The Cricket World Cup final between England and New Zealand takes place on Sunday.
Where will the match be won and lost?
Former England captain and Sky Sports pundit Nasser Hussain looks at some of the key battles at Lord’s as both teams try to win the tournament for the first time.
Jason Roy v Trent Boult
Roy: six innings, 426 runs, 153 highest, average 71.00
Boult: 89 overs, four maidens, 17 wickets, average 24.23, best 4-30
Trent Boult gets good players out – just ask Virat Kohli. He is a fabulous bowler who is at his most dangerous when he swings it back in to the right-handers.
The ball can swing a little bit more at Lord’s, as we saw when the teams met in the group stage, and he’s adept at making the most of conditions. So England will have to be wary with him.
But I was more than impressed with the way that Jason Roy played Australia’s seamers Mitchell Starc and Jason Behrendorff at Edgbaston.
The ball did swing for two or three overs; everyone goes on about Roy’s strokeplay but his technique up front against Starc was absolutely spot on. Then Roy went after Starc, after it stopped moving. It was a very smart innings from Roy and I’m sure he’ll do the same with Boult.
Jofra Archer v Kane Williamson
Archer: 90.5 overs, eight maidens, 419 runs, 19 wickets, average 22.05, best 3-27
Williamson: eight innings, 548 runs, 148 highest, average 91.33
I can’t speak highly enough of Kane Williamson; that’s why this World Cup final isn’t a foregone conclusion. If you write off a side led by him you are a fool.
He’s not only a fine player who is in the form of his life, epitomised by that superb knock against India in the semi-finals, but he’s a fine leader as well.
They say a side reflects its captain and Williamson is a very smart cookie – so New Zealand play smart cricket.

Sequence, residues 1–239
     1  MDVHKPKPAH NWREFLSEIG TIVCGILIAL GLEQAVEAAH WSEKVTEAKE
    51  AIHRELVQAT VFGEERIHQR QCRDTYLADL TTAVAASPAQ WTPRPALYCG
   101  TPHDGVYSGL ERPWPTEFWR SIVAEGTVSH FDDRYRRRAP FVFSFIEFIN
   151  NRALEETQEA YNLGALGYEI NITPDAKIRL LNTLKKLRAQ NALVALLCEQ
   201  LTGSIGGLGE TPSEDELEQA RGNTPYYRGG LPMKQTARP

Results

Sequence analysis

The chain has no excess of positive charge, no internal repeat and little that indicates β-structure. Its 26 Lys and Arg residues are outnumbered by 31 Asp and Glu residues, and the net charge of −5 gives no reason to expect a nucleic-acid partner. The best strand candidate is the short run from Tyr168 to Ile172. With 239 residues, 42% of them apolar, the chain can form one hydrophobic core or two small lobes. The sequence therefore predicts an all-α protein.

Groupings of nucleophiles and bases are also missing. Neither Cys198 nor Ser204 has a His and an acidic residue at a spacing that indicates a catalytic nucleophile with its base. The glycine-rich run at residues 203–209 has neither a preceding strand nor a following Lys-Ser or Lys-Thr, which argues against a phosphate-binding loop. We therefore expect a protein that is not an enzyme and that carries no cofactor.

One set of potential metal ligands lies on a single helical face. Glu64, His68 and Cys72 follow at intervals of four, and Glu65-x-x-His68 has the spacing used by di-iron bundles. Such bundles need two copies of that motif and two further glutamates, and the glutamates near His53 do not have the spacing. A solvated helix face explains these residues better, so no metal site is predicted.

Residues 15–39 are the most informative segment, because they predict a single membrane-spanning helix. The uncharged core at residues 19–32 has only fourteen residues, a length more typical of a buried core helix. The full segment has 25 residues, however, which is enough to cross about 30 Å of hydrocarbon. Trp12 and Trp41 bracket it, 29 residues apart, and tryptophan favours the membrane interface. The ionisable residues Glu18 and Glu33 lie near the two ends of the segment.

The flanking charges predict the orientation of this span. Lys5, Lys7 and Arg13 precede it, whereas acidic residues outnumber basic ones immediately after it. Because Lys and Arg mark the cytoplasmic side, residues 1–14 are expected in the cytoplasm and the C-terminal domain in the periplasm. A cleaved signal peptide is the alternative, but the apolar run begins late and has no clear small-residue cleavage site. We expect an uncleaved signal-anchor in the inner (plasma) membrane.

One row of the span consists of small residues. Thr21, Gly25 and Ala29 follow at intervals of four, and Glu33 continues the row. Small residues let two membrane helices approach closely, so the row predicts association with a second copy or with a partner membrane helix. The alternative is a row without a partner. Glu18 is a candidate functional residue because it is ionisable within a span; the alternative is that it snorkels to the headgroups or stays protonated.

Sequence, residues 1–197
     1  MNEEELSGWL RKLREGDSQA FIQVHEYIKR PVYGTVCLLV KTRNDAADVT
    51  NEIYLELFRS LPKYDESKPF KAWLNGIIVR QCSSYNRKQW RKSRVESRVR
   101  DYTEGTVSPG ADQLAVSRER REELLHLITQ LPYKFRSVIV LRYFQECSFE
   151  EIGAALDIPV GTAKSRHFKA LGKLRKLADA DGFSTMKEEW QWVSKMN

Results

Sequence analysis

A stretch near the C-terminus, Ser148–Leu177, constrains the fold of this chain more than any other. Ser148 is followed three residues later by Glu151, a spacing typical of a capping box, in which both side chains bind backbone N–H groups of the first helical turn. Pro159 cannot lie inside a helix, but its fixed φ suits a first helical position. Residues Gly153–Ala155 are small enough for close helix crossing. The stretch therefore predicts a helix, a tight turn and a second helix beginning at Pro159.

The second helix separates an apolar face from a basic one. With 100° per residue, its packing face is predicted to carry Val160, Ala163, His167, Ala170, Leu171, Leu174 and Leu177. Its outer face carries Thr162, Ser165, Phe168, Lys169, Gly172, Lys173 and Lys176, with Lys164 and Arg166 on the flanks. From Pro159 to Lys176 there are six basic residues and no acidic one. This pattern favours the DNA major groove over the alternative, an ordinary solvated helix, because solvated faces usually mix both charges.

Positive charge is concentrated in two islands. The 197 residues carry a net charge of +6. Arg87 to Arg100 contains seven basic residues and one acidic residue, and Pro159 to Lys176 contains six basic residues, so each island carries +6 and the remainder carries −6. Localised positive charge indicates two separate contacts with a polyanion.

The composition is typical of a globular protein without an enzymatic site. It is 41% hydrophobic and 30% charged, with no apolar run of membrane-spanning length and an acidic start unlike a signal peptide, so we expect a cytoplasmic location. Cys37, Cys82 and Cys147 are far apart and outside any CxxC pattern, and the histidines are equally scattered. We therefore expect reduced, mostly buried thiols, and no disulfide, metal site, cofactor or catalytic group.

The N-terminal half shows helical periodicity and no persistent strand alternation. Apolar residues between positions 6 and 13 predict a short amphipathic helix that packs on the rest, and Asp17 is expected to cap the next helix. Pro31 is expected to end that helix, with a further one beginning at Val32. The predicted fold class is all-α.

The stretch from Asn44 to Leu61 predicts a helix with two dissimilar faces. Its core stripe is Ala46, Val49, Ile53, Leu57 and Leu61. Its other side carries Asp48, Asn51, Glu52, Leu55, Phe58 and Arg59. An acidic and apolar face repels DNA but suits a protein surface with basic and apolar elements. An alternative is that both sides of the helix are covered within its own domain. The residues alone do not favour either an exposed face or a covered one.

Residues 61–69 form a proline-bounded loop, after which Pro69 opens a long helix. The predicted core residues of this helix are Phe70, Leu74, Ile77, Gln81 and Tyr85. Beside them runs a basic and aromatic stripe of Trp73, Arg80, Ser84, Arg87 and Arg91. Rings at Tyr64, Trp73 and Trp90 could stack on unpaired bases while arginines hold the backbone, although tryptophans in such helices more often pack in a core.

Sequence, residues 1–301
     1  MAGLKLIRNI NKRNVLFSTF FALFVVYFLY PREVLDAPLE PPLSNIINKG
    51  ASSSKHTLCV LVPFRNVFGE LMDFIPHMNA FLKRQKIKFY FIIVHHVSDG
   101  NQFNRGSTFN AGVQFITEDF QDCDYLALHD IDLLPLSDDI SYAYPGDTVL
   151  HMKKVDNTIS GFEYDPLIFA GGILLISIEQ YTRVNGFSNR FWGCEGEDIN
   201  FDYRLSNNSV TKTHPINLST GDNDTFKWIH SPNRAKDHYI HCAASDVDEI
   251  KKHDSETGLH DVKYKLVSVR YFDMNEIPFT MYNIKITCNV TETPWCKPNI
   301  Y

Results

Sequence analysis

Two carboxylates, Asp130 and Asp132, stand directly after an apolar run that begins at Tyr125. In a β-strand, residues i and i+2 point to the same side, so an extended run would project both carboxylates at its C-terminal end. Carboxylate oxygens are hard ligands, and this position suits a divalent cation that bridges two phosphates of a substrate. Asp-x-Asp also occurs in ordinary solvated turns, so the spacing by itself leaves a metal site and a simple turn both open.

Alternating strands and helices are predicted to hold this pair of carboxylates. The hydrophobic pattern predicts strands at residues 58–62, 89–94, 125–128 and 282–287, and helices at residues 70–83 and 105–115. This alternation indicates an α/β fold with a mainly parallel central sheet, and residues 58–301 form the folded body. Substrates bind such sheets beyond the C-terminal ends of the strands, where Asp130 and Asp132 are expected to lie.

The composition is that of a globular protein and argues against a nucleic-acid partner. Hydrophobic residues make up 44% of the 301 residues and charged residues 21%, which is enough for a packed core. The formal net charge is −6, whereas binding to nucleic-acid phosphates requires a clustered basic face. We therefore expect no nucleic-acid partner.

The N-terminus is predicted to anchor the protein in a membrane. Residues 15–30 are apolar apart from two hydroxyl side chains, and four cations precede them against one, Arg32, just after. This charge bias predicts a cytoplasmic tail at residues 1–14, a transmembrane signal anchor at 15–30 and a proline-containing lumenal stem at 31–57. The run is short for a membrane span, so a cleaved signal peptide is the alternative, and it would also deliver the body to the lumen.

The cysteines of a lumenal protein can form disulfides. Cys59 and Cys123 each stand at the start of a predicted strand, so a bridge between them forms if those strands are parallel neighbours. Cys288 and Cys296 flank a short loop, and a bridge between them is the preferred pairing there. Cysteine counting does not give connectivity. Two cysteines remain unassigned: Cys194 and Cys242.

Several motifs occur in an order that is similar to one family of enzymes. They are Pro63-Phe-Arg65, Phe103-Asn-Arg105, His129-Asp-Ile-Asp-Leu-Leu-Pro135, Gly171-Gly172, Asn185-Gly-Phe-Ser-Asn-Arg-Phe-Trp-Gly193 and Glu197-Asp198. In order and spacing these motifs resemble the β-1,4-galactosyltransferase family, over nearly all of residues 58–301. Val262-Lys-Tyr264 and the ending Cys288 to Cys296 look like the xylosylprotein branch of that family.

Jofra Archer has been unbelievable; for a 24-year-old to run up and bowl the delivery that he did to Australia’s captain Aaron Finch first up showed how ice-cool he is.
I have no fear that Archer will in any way bottle this final. Lord’s is a unique ground for bowlers and even someone like James Anderson hasn’t worked out which is his best end!
Archer didn’t have his best game of the World Cup at Lord’s against Australia (1-56 off nine) but he’s ticked every other box.
Eoin Morgan v Lockie Ferguson
Morgan: nine innings, 362 runs, 148 runs, average 45.25
Ferguson: 73.4 overs, three maidens, 359 runs, 18 wickets, average 19.94, best 4-37
Lockie Ferguson wasn’t playing at Durham when the teams met earlier in the tournament and New Zealand missed him; they looked a little one-dimensional after the threat of Boult had gone.
He possesses a very fast bouncer and is very skilful; he’s a bit like Archer in that he’s got a great slower ball too – a cutter variation that dips on you – and balls like that become very, very dangerous when you’re set for a delivery coming at you at 95mph.
Eoin Morgan played brilliantly against Australia, again, but New Zealand will go at him with short stuff.
Williamson will use Ferguson to go at Morgan; as we saw on Thursday, there’s no guarantee Morgan will be dismissed – Eoin has his own unique style against short-pitched bowling at the moment.
He stays leg-side of it and tries to go over the off-side, but that for me is a key battle.
:: Watch the World Cup final between New Zealand and England live on Sky Sports Cricket World Cup and Main Event from 9am on Sunday.